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This Focused Performance Weblog started life as a "business management blog" containing links and commentary related primarily to organizational effectiveness with a "Theory of Constraints" perspective, but is in the process of evolving towards primary content on interactive and mobile marketing. Think of it as about Focusing marketing messages for enhanced Performance. If you are on an archive page, current postings are found here.

Wednesday, January 22, 2003

SCRUM: Removing bottlenecks is a core systems design principle -- Jeff Sutherland, in his January 22 blog entry on agile software development, highlights a book that's near and dear to me and to other advocates of TOC, The Goal: A Process of Ongoing Improvement, in a context that it's factory setting doesn't usually trigger. A nod to Jeff for seeing through the surface of the novel and putting it in terms of his software world...
"The book shows that any industrial (or software, or clinical) process is a complex adaptive system. It is not possible to directly optimize the whole system because side effects overwhelm any analysis. The key to optimization is to look for bottlenecks. What is getting in the way? Remove the obvious bottleneck and throughput will increase. Then the next bottleneck with appear. By adopting a strategy of eliminating bottlenecks one by one, the system will evolve into radically improved throughput. This is why the third key question in a SCRUM every day is, "What is blocking progress?" The primary responsibility of management is not managing a SCRUM. It is removing bottlenecks identified by the SCRUM."
It's also interesting to see Jeff think of The Goal as "the best novel on project management and probably one of the most sophisticated project management books," especially since author Eli Goldratt is also responsible for Critical Chain. Jeff's intution is pretty good, though, because the way that the TOC core concepts are applied to a production environment in The Goal is closely related to the management of multi-project environments, in which organizational project performance is geared to scarce, potentially constraining, resource skills.

While on the subject, I've been recently trying to wrap my head around the various flavors of agile software development, and what they describe as "agile Project Management" (which has more of a sound of "task" or "process management" to my ears). There's been an excellent discussion of this in the Newgrange PM discussion list, which starts in the YahooGroups archive here.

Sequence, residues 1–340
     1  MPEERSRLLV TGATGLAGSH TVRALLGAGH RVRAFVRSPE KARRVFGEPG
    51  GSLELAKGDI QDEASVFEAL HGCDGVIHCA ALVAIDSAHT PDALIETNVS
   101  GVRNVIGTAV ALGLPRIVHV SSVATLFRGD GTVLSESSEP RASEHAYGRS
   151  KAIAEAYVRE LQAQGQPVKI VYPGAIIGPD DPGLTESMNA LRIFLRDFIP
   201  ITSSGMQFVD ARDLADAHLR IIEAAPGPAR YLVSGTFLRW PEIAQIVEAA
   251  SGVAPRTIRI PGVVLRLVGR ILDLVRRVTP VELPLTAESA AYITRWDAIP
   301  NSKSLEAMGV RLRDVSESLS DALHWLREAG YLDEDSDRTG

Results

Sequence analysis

I'm coming to the conclusion that a lot of the arguments that the agile community has with traditional approaches to project management are answered in the critical chain approach, with it's respect for inevitable variability in project schedule and cost performance, and the use of buffers to account for not only uncertainty in duration, but in iteration as well. As a matter of fact, I think that the difficulty that they have talking about making specific project level promises could be dealt with if the necessarily agile parts of a project were contained in a larger picture planned (I know that's a dirty word amongst the radical agile), controlled, and managed via critical chain processes.

Jeff concludes his post with...
Focussing on maximizing (Throughput minus Inventory minus Operating Expense) does optimize the business. It seems to me that Throughput is software SOLD, Inventory is software built but UNSOLD, and Operating Expense is the usual expense budget.

I'm interested in any analysis or experience you may have with this book and the application of its concepts to software development.
Regarding the latter, consider this a start. Regarding the former, the only bone I would pick with his analysis of T, I, and OE is that assuming there is a cash register at the end of a project (otherwise, why do it?), Work-In-Process Inventory in such an environment would be more closely related to the projects that have commenced, but not finished. On a production floor, too much work in process gets in the way and accumulates in queues, extending lead times. In a project environment, too much work in process -- too many projects -- get in the way of focused attention that the agile folks are so good at, and that critical chain processes both support and require for optimum results, and if forced on the system by pushing too much work into the pipeline, tends to drive multi-tasking and it's resulting expansion of project lead times.

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